The authors suggest that some of the problems of the public sector are self-inflicted and that current policies may only deliver partial success 'at a price we cannot afford'. It proposes a radical alternative and discusses practical ways it could be implemented. It also explores the threats and opportunities that such an approach might face.
This book explores the foundations of the current economic crisis. Offering a heterodox approach to interpretation it examines the policies implemented before and during the crisis, and the main institutions that shaped the model of advanced economies, particularly in the last two decades. The first part of the book provides a theoretical analysis of the crisis. The roots of the ‘great recession’ are divided into fundamentals with origins in financial liberalisation, financial innovation and income distribution, and complementary or contributory factors such as the international imbalances, the monetary policy,and the role of credit rating agencies. Part II suggests various paths to recovery while emphasising that it will be necessary to develop alternative strategies for sustainable economic recovery and growth. These strategies will require genuine political support and a new 'great European vision' to address major issues concerning the EU such as unemployment, structural regional differences and federalism. Drawing on various schools of thought, this book explains the complexities of the crisis through a wider evolutionary-institutional and heterodox framework.
This is an open access title available under the terms of a CC BY-NC-ND 3.0 International licence. It is free to read at Oxford Scholarship Online and offered as a free PDF download from OUP and selected open access locations. The financial crisis triggered a global debate on the taxation of the financial sector. A number of international policy initiatives, most notably by the G-20, have called for major changes to the tax treatment of financial institutions and transactions, as well as to working practice within the financial sector. This book examines how tax policies contributed to the financial crisis and whether taxation can play a role in the reform efforts to establish a sounder and safer financial system. It looks at the pros and cons of various tax initiatives including limiting the tax advantages to debt financing; special taxes on the financial sector; and financial transactions taxes. It examines policy concerns such as: the manner in which the financial sector should "pay" for its bailout and the role of accumulated tax losses on financial institutions' behaviour; the role that taxes may play in correcting the systemic externalities associated with "too big to fail"; the types of tax that are most appropriate for financial institutions and markets ("excess profits" versus "financial transactions taxes"); the interaction between taxes and the regulation of the financial sector; and the role of taxation in countercyclical and macroeconomic policies.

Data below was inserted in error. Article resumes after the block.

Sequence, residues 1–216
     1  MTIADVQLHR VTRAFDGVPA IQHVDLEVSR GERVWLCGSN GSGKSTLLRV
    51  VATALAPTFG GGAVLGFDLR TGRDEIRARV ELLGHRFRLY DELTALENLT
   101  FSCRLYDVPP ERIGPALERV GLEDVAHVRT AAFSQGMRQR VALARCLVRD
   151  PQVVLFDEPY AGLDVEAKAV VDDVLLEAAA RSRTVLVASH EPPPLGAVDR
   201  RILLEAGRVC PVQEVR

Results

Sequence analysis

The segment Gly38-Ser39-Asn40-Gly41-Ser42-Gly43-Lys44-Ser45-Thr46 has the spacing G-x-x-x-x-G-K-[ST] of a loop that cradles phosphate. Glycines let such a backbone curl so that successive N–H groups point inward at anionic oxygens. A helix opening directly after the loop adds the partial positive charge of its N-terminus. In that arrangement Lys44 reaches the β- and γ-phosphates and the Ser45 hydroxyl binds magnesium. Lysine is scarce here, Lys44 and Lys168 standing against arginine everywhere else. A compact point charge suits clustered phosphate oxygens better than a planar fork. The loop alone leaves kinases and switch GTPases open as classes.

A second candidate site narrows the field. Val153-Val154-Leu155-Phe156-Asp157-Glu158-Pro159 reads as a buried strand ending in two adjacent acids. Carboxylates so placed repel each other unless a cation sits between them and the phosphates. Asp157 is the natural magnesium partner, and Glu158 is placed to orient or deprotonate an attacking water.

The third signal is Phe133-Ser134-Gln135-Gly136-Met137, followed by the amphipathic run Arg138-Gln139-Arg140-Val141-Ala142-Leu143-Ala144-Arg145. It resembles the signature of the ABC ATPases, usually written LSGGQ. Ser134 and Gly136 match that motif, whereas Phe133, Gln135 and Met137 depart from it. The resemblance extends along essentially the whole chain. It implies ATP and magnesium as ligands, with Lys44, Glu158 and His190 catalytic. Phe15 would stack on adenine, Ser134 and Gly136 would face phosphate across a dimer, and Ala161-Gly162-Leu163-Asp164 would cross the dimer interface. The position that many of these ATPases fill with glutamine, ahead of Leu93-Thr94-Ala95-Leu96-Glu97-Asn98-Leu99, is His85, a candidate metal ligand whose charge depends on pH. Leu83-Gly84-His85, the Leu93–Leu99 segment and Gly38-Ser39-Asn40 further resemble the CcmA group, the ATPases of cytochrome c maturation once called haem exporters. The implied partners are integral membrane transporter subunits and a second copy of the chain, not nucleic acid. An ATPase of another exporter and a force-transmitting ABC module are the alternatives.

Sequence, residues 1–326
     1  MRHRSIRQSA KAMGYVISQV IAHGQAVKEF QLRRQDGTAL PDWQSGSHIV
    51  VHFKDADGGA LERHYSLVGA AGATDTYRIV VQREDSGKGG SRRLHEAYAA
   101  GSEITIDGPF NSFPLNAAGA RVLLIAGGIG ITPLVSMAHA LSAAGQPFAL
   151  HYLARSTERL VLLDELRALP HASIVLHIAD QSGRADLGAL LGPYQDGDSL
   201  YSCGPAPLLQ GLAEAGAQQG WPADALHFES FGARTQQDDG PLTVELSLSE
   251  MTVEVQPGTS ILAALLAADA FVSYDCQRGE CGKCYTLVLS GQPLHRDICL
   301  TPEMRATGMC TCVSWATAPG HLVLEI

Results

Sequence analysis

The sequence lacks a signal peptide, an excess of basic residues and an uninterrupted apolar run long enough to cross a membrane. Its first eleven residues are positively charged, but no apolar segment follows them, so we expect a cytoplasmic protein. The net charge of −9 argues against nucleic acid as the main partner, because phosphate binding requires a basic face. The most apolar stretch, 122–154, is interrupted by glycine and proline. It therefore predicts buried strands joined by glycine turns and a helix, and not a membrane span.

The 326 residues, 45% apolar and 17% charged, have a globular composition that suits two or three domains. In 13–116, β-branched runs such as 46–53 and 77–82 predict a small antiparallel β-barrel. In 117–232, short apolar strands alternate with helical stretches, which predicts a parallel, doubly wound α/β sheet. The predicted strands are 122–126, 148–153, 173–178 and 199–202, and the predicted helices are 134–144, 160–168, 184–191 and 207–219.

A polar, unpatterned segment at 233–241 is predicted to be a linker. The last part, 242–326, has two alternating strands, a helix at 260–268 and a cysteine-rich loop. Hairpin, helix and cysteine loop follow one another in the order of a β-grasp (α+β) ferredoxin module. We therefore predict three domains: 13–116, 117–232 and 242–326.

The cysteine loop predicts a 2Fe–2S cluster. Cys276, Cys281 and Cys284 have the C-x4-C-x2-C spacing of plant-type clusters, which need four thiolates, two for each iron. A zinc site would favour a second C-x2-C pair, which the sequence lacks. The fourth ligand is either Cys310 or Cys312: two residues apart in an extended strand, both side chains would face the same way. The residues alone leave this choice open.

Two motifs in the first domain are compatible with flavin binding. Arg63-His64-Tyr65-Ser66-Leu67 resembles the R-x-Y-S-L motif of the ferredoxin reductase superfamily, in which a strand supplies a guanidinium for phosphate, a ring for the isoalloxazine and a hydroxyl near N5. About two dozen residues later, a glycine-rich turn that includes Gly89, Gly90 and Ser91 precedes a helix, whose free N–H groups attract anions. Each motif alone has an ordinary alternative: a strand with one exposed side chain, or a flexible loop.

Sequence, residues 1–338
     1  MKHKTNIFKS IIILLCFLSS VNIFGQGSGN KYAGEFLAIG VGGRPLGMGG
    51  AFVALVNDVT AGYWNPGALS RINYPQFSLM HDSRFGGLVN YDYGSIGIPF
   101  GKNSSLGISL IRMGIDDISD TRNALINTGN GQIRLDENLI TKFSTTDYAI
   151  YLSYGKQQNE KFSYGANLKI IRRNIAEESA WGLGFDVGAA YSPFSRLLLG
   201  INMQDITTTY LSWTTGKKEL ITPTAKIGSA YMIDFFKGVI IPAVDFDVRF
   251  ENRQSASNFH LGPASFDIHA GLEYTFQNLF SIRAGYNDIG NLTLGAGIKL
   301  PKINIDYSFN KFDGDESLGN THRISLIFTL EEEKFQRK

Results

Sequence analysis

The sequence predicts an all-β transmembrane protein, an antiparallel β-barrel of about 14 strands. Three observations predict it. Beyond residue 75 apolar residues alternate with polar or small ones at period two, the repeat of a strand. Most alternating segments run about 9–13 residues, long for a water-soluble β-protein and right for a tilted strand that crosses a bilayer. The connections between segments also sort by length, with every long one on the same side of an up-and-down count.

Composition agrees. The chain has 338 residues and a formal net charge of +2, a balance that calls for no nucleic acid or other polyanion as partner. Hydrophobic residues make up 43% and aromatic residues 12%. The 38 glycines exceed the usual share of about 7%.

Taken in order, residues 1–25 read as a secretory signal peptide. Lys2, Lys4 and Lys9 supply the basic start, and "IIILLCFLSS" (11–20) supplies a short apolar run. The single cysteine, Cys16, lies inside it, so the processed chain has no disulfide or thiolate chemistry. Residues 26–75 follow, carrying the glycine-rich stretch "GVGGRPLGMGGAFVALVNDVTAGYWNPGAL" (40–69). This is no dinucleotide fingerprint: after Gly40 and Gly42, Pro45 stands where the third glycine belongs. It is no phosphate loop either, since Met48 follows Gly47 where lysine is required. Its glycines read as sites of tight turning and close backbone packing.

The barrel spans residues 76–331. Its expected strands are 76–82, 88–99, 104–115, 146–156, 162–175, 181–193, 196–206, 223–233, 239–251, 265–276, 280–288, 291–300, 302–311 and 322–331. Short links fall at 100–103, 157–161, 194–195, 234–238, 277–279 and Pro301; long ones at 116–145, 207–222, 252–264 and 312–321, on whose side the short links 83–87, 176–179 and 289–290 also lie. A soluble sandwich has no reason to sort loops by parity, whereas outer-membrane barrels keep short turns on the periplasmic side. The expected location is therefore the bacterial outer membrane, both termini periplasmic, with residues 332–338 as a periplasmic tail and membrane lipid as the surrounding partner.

In this gripping narrative, Carlo Bastasin reconstructs the main political decisions of the euro crisis, unveiling the hidden interests and the secret diplomacy behind the scene. The European dream was both the rejection of war and the creation of a new spirit of peaceful cooperation. Yet confrontation has been the hallmark of the euro crisis, and national opportunistic gimmicks have driven the awkward attempts to solve the crisis itself. Today, Europe is in a crisis of democracy, which Bastasin has dubbed, "the first War of Interdependence of the global age." Praise for the first edition of Saving Europe Bastasin does an admirable job in analysing the euro-zone's economic challenges and is a sure-footed guide through the seemingly endless European Union summit meetings that were supposed to resolve them. He also has an eye for the human detail that makes his sad account of institutional muddle surprisingly compelling. — Financial Times Bastasin's book is worth reading for its detailed political narrative of the eurozone crisis to date, focusing on the interaction among decision-makers in Europe's capitals. — Foreign Affairs A reconstruction that may be considered definitive. Revelations on the European negotiations are written with talent and go hand in hand with no-esoteric economic analysis and with the right amount of realism to reach the political substance. —Corriere della Sera Anyone looking for general knowledge and deeper understanding of the crisis, I can recommend a formidable analysis by Carlo Bastasin: Saving Europe. The author is a very unusual combination of a qualified economist and driven journalism. —Svenska Dagbladet